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Re: Periodontis bacteria linked to Alzheimer’s disease

Postby antimatter37 » Wed Jan 23, 2019 5:38 pm

I may have a naive question here regarding this article and a recent thread on the breakdown of the blood brain barrier. Isn't the BBB supposed to keep bacteria like this, as well as other pathogens (HSV?), out of the functional brain regions? How do these pathogens get in if the BBB is healthy and intact?

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Re: Periodontis bacteria linked to Alzheimer’s disease

Postby Julie G » Wed Jan 23, 2019 6:53 pm

I may have a naive question here regarding this article and a recent thread on the breakdown of the blood brain barrier. Isn't the BBB supposed to keep bacteria like this, as well as other pathogens (HSV?), out of the functional brain regions? How do these pathogens get in if the BBB is healthy and intact?

Well, we have lots of evidence that E4 carriers have an impaired BBB... Here's a recent paper.

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Re: Periodontis bacteria linked to Alzheimer’s disease

Postby Fiver » Thu Jan 24, 2019 8:41 am

And....viruses are so tiny. And some move inside of nerve cell projections, or along them. I tend to think of the BBB as a way to slow down pathogens, so the immune system inside can keep up without being over-run.
Four relatives with AD. Concerned, but hopeful. Introverted, but will talk about science.

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Re: Periodontis bacteria linked to Alzheimer’s disease

Postby Jaque » Thu Jan 24, 2019 11:01 pm

The pharma company involved in this research is:
https://www.cortexyme.com/

"COR388 is a promising drug for the treatment of AD with a novel mechanism of action. COR388 is readily bioavailable after oral administration with a favorable PK profile. COR388 was safe and well tolerated by older subjects and patients with AD when given at doses ranging from 25 to 100 mg for up to 28 days. There was a trend of improvement in some of the cognitive tests of the AD patients treated with COR388 HCl in this study, however, these results should be interpreted with caution due to the small sample size. Cortexyme is planning to initiate a large phase 2 study of COR388 in mild to moderate AD in 2019."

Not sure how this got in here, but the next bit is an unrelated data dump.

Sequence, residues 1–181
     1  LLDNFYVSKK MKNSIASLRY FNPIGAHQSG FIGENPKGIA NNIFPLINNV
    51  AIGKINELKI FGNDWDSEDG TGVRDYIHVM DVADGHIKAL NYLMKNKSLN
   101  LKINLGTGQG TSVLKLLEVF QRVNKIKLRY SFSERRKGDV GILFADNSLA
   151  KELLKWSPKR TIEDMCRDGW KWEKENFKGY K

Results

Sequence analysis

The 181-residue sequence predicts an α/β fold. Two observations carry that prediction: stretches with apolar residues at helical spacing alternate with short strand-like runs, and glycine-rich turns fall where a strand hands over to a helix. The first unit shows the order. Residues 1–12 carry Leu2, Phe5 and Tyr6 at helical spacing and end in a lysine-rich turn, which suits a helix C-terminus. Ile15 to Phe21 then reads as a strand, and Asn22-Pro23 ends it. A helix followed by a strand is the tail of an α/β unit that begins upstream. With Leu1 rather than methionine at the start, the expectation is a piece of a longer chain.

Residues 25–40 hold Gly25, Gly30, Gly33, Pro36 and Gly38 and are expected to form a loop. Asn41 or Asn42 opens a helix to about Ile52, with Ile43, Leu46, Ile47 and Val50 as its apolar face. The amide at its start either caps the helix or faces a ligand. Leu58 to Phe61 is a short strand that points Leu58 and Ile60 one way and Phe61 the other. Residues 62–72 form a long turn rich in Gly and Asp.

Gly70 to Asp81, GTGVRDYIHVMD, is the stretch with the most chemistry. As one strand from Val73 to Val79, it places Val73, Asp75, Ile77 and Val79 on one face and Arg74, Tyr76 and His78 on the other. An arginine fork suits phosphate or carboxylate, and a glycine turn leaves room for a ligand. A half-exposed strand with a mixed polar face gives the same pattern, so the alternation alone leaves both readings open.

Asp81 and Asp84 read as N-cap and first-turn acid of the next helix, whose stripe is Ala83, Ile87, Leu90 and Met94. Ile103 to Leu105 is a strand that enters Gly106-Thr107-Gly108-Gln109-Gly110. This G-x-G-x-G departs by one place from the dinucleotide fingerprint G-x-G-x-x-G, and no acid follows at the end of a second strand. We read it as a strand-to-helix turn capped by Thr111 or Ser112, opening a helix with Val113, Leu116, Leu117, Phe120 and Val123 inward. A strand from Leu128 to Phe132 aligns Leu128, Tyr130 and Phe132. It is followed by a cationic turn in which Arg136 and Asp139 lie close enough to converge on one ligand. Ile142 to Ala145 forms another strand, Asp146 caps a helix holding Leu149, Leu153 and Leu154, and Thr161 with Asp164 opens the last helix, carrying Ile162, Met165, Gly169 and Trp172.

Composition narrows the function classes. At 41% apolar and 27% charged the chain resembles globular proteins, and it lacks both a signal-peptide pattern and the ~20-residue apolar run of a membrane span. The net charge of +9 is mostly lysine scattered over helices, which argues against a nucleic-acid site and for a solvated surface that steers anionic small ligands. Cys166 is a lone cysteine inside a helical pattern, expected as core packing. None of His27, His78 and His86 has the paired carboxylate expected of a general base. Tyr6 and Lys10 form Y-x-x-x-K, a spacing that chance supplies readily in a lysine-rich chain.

Anyone interested in taking part in their phase 2/3 trials can register on the company's website.

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Re: Periodontis bacteria linked to Alzheimer’s disease

Postby J11 » Sat Jan 26, 2019 4:37 pm

Hmm, also in terms of realigning what we thought we knew about AD, perhaps the ketogenic diet is not so much about ketones as about oral bacteria. Recently, I finally pushed myself to try a 0 carb diet for a week. I was eating about 2,000 calories per day, though it felt like starvation.

One of the most noticeable effects after finishing the week was how clean my teeth felt. This should not be surprising. The bacteria in your mouth live on carbs. No carbs --> Problem for the bugs. Of course, I also threw everything else I had in my dental tool kit including: Water flosser loaded with Periogen, sonic toothbrush, Theobromine toothpaste, ionic toothbrush, oral Probiotics etc.
If solving AD only requires exceptional dental hygiene, then I'm set.

Oh, might also need to be careful around man's best friend.

"P. gulae is a natural inhabitant of the oral cavity of companion animals such as dogs, and a recent study demonstrated that dogs can transmit P. gulae to the oral cavity of their owners (62). Research is underway to determine whether P. gulae may be contributing to the gingipain load in AD brains."

http://advances.sciencemag.org/content/5/1/eaau3333

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Re: Periodontis bacteria linked to Alzheimer’s disease

Postby circular » Sat Jan 26, 2019 4:43 pm

J11 wrote:Oh, might also need to be careful around man's best friend.

"P. gulae is a natural inhabitant of the oral cavity of companion animals such as dogs, and a recent study demonstrated that dogs can transmit P. gulae to the oral cavity of their owners (62). Research is underway to determine whether P. gulae may be contributing to the gingipain load in AD brains."

http://advances.sciencemag.org/content/5/1/eaau3333

Crazy, not long ago I posted about an issue with a microorganism found in cats and cat owners and AD. Can't pull it up for some reason.
ApoE 3/4 > Thanks in advance for any responses made to my posts.

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Re: Periodontis bacteria linked to Alzheimer’s disease

Postby J11 » Sat Jan 26, 2019 4:45 pm

circ, the people are here to help!

https://en.wikipedia.org/wiki/Toxoplasma_gondii